Rwanda's park rangers, however, backed by international conservation groups and often working with minimal pay, managed to safeguard the gorillas and the Virunga reserve as best they could. Squatters eventually were persuaded to leave the national park, human latrines were cleaned up and sick gorillas were darted, injected with antibiotics and protected against measles with human vaccines provided by UNICEF, said Ruth Keesling, a Denver-based gorilla activist who has helped provide veterinary care for the animals over the past two decades. Today the efforts are paying off. Scores of baby gorillas scamper through the park's stands of wild celery and blackberries, and health problems from mange to measles are largely under control. Two adult silverbacks died earlier this year, park guides say, but while one suffered some kind of unidentified illness, the other appeared to die simply of old age.
Tourists, once allowed to touch the gorillas, now are kept a minimum of 20 feet away to prevent the spread of colds and diseases. Visitors, brought into the park in small groups, are also limited to no more than an hour a day with the gorillas to keep stress levels low.
"I think we have a situation that's relatively stable if we can keep the politicians out of it," Keesling said.
Politics, however, for once seems on the gorillas' side. Congo and Rwanda last week signed a peace deal aimed in part at ending the conflict around the Virungas. The three area governments are beginning to cooperate on conservation issues, with hopes of establishing coordinated park patrols, particularly in war-worn Congo, Kyitare said.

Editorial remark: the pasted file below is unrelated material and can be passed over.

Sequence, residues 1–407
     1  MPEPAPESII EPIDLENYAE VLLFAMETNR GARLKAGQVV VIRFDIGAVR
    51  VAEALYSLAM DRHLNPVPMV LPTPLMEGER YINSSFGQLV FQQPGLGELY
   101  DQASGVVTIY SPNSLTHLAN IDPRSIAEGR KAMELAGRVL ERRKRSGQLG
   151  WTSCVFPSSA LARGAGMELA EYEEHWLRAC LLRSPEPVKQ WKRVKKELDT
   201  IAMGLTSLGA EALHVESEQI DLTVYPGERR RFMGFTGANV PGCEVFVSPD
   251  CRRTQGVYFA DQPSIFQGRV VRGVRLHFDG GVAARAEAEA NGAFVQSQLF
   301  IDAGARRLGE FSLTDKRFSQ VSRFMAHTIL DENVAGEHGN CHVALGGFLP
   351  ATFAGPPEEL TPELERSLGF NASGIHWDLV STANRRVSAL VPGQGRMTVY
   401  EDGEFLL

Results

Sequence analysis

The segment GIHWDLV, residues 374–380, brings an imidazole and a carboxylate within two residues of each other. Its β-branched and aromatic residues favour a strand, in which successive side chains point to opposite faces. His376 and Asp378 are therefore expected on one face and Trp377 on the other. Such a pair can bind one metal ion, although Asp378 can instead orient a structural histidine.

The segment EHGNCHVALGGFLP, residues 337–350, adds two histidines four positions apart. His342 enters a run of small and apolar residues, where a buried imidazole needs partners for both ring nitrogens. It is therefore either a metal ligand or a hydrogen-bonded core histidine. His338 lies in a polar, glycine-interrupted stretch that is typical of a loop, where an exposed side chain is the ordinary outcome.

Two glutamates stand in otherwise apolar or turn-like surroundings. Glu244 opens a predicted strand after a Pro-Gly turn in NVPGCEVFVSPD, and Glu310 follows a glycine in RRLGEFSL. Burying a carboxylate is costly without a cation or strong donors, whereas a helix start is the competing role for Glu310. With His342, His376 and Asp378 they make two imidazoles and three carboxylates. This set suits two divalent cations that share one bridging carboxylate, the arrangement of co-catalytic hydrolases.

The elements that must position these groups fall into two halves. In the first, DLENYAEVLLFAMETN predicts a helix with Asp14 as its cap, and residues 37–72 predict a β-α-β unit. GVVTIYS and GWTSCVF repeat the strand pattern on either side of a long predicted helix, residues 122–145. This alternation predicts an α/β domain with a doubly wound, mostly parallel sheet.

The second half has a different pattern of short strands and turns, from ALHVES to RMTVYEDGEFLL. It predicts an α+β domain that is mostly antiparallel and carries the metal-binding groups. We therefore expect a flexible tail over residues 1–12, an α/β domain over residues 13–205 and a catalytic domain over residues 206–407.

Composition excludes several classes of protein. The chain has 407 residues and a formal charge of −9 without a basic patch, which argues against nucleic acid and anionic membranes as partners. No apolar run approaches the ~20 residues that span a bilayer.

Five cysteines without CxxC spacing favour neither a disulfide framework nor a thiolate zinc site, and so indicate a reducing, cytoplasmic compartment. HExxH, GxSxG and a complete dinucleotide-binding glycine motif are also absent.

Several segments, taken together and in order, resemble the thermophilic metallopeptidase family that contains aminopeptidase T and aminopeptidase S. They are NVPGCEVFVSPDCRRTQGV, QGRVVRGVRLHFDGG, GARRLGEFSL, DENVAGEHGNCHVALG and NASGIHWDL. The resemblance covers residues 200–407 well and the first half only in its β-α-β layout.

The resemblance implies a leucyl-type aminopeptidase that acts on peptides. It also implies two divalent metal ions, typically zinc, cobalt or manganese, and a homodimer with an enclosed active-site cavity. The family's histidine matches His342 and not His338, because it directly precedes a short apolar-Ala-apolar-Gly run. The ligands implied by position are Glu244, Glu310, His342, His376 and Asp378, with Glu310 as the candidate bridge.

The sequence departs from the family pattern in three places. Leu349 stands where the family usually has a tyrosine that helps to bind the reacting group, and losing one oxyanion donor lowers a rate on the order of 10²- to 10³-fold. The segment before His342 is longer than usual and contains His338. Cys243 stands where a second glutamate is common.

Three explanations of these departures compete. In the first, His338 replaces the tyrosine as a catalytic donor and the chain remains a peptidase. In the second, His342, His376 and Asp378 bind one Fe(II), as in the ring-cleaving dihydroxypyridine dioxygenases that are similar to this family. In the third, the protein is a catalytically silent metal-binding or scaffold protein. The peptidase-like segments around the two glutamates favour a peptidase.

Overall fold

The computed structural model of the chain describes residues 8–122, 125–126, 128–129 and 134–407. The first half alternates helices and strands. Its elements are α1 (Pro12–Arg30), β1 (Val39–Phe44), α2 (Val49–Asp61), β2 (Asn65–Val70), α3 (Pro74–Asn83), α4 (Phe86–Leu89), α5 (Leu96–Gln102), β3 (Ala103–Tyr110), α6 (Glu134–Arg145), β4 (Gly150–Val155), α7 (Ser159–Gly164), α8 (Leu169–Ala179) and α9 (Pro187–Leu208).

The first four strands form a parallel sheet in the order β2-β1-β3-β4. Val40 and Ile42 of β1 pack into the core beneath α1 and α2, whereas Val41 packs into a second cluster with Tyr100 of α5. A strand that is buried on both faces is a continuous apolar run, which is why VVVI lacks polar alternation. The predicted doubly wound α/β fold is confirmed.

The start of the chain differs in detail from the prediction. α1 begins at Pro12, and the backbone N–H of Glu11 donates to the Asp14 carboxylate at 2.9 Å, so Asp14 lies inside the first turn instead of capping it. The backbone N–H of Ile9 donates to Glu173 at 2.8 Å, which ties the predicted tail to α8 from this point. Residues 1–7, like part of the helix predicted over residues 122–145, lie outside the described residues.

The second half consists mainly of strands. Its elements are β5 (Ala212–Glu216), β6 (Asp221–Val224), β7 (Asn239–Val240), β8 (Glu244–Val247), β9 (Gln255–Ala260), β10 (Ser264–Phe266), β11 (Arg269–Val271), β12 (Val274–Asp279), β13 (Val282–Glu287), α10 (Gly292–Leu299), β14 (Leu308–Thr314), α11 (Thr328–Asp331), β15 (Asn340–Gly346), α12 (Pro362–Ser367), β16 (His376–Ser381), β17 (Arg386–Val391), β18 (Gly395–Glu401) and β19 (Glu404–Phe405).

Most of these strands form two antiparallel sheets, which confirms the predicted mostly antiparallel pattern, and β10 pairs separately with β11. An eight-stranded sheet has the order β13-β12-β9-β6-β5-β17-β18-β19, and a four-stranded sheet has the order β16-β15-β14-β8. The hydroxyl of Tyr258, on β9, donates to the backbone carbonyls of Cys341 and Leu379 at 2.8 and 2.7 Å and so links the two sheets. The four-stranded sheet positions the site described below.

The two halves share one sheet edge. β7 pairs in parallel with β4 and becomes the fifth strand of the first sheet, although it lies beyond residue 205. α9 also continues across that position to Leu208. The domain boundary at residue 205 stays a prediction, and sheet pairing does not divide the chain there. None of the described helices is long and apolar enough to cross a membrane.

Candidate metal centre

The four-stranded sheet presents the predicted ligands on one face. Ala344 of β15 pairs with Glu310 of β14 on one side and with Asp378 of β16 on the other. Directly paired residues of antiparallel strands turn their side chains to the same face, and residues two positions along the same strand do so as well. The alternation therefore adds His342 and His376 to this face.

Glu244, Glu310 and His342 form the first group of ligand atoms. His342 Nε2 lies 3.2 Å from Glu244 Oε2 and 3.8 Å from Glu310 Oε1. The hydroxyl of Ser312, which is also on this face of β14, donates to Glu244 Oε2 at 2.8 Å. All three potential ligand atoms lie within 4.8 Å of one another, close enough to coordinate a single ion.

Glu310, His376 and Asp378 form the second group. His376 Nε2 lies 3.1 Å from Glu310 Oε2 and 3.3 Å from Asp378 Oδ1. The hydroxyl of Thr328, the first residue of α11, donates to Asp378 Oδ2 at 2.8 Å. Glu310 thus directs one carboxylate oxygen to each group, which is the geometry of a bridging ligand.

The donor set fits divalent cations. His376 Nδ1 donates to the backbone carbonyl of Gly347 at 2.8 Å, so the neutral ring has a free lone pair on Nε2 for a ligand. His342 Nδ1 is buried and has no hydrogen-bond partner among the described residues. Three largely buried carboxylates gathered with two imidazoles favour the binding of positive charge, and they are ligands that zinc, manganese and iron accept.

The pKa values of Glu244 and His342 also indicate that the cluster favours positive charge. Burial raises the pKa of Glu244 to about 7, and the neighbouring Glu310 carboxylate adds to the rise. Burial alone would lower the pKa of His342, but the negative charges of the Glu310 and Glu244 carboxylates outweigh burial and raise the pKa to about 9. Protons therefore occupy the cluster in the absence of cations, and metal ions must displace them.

"You can't protect gorillas in Rwanda without protecting them in Congo as well," he noted.
The gorillas still face plenty of threats. With the already small population divided into two geographically separated groups, some young gorillas are being born with webbed hands and feet, signs of inbreeding, Keesling said. Even more worrisome, Rwanda's population of 8 million people, crammed into a hilly nation the size of Massachusetts, is expected to double in the next 20 years, creating social and political pressure to divvy up gorilla habitat for farmland.
Tourism could help. The gorillas, Rwanda's only major tourist attraction, were the country's third-largest source of foreign income in the late 1980s, behind coffee and tea, according to Eugene Rutagarama, the former deputy director of the national park system.
Tourism is now rebuilding, and with hundreds of foreign visitors a month handing over $250 each to see the gorillas, the government has a powerful new incentive to protect them. Guards now keep an eye on the gorillas at all times, not just when tourists come to visit, and international conservation groups are helping pay guard salaries in Congo, where the situation remains too unsettled to permit tourism yet.
This year, as the region celebrates the 100th anniversary of German explorer Robert von Berenge's first scientific description of the mountain gorillas, experts say there is reason to hope that the desperately endangered animals will continue holding their own.
"The number of gorillas has increased. We're getting money from tourism. The situation is calm," Kyitare said. "That doesn't mean the challenges aren't still there. But right now things aren't too bad."
Copyright 2002, Chicago Tribune